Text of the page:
Measuring Uncertainty and Information Gain

The Information Edge

Acquiring and maintaining an informational edge should be an important goal for any 21st century company. It is advantageous to be able to quantify how much information is actually gained, whether that information is based upon learning a new fact, purchasing a database, or developing a machine learning forecasting system, etc. This “quantification” of information would make it easier to assign a dollar value to these types of investments. This note will focus on methods for quantifying the actual reduction in uncertainty or informational content for those types of analytics investments.

Probability and Entropy

Probability and Entropy are two different, but related, measures of uncertainty that are used in applied data analysis. Probability can be defined as a measure of degree of belief about the truth of a statement. By convention, probability is written $p(x_{i})$, and is always a real number between 0 and 1. $p(A) = 1$ means a statement is true with certainty, $p(A) = 1$ means a statement is false with certainty.

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Probability distributions are collections of individual probabilities that sum to 1. A very simple example is pictured above.

Entropy, written as $H(x)$, is a measure of the uncertainty of the whole probability distribution measured in bits of information. One bit of information is defined as the amount of information required to communicate a single binary choice (0 or 1). Entropy is calculated as follows.

In the case of the coin toss:

In the case of a fair, six-sided die:

The math works out such that entropy is maximized when there is no basis to choose between the alternatives. If there is a uniform distribution with $n$ possible outcomes, the entropy is equal to $log\ n$. After the coin has been thrown and the outcome is known, the probability goes to 1 and the entropy goes to 0.

Entropy Example

A simple way to conceptualize information encoding in bits is to consider a guessing game where the goal is to converge on an unknown number by asking whether the number is within a certain range. If the number being guessed is 31 and the range is 1 through 50, the most direct way to proceed is to task if the number is greater than 25. No. Greater than 38? No. And so on. 6 “bits” of information will be required to converge onto 31.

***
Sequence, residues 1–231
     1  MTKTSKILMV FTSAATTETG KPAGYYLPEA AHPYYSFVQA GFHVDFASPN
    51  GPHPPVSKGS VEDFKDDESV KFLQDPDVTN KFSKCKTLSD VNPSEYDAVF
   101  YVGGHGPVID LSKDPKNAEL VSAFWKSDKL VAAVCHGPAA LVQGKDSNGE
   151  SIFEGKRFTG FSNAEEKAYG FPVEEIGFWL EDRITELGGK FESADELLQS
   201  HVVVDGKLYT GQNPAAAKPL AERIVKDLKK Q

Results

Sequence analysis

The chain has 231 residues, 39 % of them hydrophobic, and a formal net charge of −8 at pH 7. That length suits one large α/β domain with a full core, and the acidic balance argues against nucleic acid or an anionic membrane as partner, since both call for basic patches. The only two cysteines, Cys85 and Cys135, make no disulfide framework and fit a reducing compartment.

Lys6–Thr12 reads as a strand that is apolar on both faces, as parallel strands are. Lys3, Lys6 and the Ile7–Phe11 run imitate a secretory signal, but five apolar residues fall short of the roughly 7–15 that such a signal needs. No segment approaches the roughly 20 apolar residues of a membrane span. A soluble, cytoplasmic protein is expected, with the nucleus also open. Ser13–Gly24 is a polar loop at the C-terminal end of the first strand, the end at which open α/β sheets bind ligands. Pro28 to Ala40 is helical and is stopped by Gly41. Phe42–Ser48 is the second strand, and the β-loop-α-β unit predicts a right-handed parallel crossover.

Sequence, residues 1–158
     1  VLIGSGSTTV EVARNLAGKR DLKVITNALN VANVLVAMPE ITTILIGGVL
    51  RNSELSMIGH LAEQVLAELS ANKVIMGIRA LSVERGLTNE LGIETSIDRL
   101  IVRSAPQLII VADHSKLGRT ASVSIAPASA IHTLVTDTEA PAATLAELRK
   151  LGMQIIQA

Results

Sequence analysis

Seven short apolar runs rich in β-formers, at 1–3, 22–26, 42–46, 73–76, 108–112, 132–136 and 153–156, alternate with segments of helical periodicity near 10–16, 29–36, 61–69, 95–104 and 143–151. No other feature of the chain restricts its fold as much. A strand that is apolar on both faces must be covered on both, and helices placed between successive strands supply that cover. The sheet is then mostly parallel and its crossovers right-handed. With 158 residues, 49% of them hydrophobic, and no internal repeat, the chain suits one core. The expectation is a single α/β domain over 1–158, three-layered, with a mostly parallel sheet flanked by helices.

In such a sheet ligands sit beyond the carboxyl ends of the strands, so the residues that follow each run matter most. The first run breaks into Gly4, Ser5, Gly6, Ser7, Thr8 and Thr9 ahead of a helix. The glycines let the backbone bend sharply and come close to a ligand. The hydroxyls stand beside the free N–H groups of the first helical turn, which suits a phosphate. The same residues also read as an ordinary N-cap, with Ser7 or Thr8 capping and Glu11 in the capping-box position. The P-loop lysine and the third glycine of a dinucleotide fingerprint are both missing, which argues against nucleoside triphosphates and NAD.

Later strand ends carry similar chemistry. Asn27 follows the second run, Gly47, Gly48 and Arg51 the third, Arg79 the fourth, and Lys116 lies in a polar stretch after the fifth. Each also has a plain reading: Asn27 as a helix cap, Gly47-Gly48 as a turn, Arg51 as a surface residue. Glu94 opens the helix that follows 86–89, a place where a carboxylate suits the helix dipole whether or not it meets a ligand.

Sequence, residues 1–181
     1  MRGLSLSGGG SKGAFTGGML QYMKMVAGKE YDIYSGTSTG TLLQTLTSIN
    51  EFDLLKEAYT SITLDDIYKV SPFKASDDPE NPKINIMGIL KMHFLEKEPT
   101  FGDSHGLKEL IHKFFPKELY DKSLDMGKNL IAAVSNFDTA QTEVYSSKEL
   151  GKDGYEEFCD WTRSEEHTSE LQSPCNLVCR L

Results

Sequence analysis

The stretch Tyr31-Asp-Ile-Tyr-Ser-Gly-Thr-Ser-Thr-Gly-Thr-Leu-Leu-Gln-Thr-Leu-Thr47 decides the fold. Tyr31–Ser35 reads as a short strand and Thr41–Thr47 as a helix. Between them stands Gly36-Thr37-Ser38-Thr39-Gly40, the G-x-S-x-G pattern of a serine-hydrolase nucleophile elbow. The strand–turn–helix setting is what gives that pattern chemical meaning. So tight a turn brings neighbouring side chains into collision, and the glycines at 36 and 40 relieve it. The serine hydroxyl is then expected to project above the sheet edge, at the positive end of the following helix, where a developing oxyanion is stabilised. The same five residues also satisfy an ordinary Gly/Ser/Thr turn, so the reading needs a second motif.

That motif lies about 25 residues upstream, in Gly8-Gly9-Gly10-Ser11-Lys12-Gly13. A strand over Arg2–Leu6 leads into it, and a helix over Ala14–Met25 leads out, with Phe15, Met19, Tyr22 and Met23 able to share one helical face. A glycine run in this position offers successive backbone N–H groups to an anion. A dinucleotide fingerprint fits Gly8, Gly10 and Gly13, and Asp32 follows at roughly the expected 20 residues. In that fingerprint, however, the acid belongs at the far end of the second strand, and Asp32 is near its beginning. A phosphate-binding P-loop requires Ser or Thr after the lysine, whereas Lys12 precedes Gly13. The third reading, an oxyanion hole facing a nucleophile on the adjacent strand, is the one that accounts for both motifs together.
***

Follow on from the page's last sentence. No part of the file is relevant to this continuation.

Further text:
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The number of guesses required to converge on one number, if the initial range is $n$, is calculated as follows. On average, it will take 5.6 guesses. Or, 5.6 bits of information are required.

This is also referred to as the “amount of information gained” once the number has been determined. Or, equivalently, the amount of uncertainty associated with an unknown number in the range 1 through 50.

Joint Entropy

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The confusion matrix is used to define joint and conditional probabilities. E, F, G, and H in the image below are the joint probabilities of the conditions (X) and the classifications (Y). The joint distribution of $P(X,Y)$ is E, F, G, and H.

Similarly, we can define the joint entropy of X and Y, written as $H(X,Y)$ or $H(E,F,G,H)$.

Recall that the true positive rate is defined as follows:

This is the conditional probability of having a positive test given than you are positive for the condition.

Similarly, the concept of conditional entropy can be defined as follows:

As a specific example:

Dependence and Mutual Information

When given two different probability distributions, the relationship between the entropy values dictates the amount of “mutual information.” If the two probability distributions are independent, the Venn diagram shown below will not intersect, and there will be no mutual information.

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Independence is defined, technically, as the condition where the joint distribution is equal to the product distribution. This is the situation described as

Alternatively, it can also be defined as the situation where the mutual information is equal to 0. If and only if the mutual information is zero, the following relationships will hold. Reference the confusion matrix for the meanings of the terms.

The mutual information, $I(X,Y)$, is important to us because it represents how much “carry over” there is between the observable (classification, $Y$) and the unobservable (condition, $X$). The mutual information is measured by first measuring the uncertainty that there initially is around the condition $X$, and then subtracting the remaining uncertainty after learning $Y$. The mutual information is expressed as the relative entropy of joint and product distributions. Formulaically, this is written as

A Numerical Example

Professor Egger presents this example in his Information-Gain-Calculator.xlsx spreadsheet. The goal is to work from a confusion matrix to a Percentage Information Gain (P.I.G.), which is the average reduction in uncertainty of one outcome in condition (X) upon learning one outcome in classification (Y).